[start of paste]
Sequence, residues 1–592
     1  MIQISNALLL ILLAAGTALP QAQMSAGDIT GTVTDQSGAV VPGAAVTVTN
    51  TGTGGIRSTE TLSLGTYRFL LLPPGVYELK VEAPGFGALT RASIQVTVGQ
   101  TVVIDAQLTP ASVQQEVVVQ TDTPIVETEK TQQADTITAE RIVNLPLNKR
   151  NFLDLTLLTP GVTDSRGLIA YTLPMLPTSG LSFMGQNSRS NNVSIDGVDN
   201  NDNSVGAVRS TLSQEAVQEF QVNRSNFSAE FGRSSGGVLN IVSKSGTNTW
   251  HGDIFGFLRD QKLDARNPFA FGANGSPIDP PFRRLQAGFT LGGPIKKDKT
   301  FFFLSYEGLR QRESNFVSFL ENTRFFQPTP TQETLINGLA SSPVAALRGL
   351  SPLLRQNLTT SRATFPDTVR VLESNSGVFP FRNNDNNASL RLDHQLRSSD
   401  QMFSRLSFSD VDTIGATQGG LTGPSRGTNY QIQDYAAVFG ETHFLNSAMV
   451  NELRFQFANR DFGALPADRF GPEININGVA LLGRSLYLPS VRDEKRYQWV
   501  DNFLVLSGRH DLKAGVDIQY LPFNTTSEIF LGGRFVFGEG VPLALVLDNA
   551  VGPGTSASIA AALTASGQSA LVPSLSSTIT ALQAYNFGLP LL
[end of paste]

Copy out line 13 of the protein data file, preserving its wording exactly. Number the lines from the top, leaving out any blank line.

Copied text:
   551  VGPGTSASIA AALTASGQSA LVPSLSSTIT ALQAYNFGLP LL